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And she coming in that instant gave thanks likewise unto the Lord, and spake of him to all them that looked for redemption in Jerusalem. (KJV)

She came along just as Simeon was talking with Mary and Joseph, and she began praising God. She talked about the child to everyone who had been waiting expectantly for God to rescue Jerusalem. (NLT)

Is Jerusalem the embarrassment of non-fulfillment in the ministry of Jesus? He has not rescued Jerusalem. Jesus himself wept over Jerusalem and spoke of its impending destruction, which happened exactly as he said. That is not redemption. To this day, Jerusalem is the problem that will not go away. Well-meaning Christians say it is because Jerusalem rejected Jesus. There may be truth in that understanding. But more importantly, we need to understand that Jesus will rescue Jerusalem. That is how the disciples of Jesus understood it.

John the youngest disciple of Jesus ties it up for us when, in his old age, he had a vision. “And he carried me away in the Spirit to a mountain great and high, and showed me the Holy City, Jerusalem, coming down out of heaven from God.” (Rev 21:10). We do not know exactly how he will do it. But we are told this city has the twelve tribes of Israel and the twelve apostles represented. The Jews, now distinct from Christians, will become one people in the new Jerusalem.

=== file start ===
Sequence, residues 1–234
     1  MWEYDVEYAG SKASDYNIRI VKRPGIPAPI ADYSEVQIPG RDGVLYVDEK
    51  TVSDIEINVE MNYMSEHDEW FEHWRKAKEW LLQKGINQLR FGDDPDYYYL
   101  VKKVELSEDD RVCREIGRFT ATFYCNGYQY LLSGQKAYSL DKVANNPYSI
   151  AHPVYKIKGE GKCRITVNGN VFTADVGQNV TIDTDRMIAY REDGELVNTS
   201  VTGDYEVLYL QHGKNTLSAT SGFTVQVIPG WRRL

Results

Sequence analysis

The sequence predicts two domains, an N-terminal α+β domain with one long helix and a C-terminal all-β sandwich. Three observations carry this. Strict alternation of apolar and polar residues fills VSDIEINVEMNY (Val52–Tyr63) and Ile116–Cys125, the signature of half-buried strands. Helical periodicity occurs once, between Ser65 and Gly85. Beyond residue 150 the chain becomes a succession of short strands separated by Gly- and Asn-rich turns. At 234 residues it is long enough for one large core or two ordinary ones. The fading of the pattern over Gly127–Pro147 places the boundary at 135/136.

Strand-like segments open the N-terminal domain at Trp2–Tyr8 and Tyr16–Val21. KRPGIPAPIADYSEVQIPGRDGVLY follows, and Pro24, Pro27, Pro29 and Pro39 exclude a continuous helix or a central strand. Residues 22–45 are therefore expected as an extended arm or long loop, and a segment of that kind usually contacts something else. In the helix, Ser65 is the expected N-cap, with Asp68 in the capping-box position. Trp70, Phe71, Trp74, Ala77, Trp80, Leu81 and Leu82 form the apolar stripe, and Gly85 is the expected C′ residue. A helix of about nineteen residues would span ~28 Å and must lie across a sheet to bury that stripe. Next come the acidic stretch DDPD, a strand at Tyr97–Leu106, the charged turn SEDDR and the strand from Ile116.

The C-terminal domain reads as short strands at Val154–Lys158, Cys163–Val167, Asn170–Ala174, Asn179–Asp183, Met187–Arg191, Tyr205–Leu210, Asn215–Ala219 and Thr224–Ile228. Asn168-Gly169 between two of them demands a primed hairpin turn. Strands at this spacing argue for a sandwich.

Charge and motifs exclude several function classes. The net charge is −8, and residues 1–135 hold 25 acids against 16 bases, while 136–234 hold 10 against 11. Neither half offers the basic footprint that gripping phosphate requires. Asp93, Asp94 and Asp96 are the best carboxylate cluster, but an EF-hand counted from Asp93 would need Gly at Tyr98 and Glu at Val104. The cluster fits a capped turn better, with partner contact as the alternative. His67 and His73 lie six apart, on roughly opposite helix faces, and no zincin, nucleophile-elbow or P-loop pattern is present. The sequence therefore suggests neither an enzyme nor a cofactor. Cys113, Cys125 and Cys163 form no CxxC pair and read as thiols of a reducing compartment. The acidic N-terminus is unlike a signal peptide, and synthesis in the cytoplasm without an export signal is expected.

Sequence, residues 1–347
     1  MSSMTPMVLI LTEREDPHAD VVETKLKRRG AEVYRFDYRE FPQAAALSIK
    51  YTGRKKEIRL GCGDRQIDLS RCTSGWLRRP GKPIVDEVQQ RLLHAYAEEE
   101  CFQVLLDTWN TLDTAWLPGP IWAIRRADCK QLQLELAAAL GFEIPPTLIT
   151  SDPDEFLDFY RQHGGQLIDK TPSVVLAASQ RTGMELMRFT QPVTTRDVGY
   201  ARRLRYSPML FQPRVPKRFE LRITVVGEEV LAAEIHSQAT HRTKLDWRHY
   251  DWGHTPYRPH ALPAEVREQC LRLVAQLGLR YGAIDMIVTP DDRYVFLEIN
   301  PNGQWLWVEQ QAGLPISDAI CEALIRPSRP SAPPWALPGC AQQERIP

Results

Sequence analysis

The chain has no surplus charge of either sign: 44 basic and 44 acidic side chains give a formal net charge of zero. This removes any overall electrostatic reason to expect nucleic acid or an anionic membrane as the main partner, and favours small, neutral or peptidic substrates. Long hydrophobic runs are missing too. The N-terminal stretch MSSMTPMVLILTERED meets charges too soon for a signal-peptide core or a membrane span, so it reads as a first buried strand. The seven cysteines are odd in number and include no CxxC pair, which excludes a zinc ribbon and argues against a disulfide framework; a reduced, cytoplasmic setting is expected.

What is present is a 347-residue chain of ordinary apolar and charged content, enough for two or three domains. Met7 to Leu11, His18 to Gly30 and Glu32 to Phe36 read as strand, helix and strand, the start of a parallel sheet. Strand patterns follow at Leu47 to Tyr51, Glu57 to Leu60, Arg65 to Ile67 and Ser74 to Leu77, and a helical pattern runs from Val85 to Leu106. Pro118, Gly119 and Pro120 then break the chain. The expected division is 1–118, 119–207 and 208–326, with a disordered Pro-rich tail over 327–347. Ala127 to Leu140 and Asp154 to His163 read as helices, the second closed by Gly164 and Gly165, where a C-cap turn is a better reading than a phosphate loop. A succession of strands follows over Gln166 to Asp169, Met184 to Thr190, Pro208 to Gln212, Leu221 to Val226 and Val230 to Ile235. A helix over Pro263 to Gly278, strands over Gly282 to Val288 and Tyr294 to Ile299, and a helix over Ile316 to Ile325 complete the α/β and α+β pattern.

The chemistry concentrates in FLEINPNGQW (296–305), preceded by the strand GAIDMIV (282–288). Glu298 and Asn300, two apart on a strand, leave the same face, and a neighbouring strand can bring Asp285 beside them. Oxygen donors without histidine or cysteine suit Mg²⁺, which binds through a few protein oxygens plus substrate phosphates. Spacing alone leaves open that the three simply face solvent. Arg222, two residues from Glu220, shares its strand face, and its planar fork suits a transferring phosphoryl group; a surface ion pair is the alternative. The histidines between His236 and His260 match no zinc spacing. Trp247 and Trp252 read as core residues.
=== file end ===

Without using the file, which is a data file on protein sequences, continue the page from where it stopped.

Christmas is a continuing story. It starts at Bethlehem and it will end in Jerusalem. The place of the crucifixion of Jesus, outside the city wall of Jerusalem is not the end of the story. Jesus will return in power to rescue Jerusalem. It will be the holy city of God from where Christ will rule. It will be from heaven, not a creation of man.

Our redemption will be in the space-time-matter world, not in the disembodied spirit world. The redemption of Jerusalem will be in the space-time-matter world. Jesus resurrected from the dead. He is the first fruit of the redemption that awaits us. The first coming of Jesus is the perfectly right place to think about his second coming.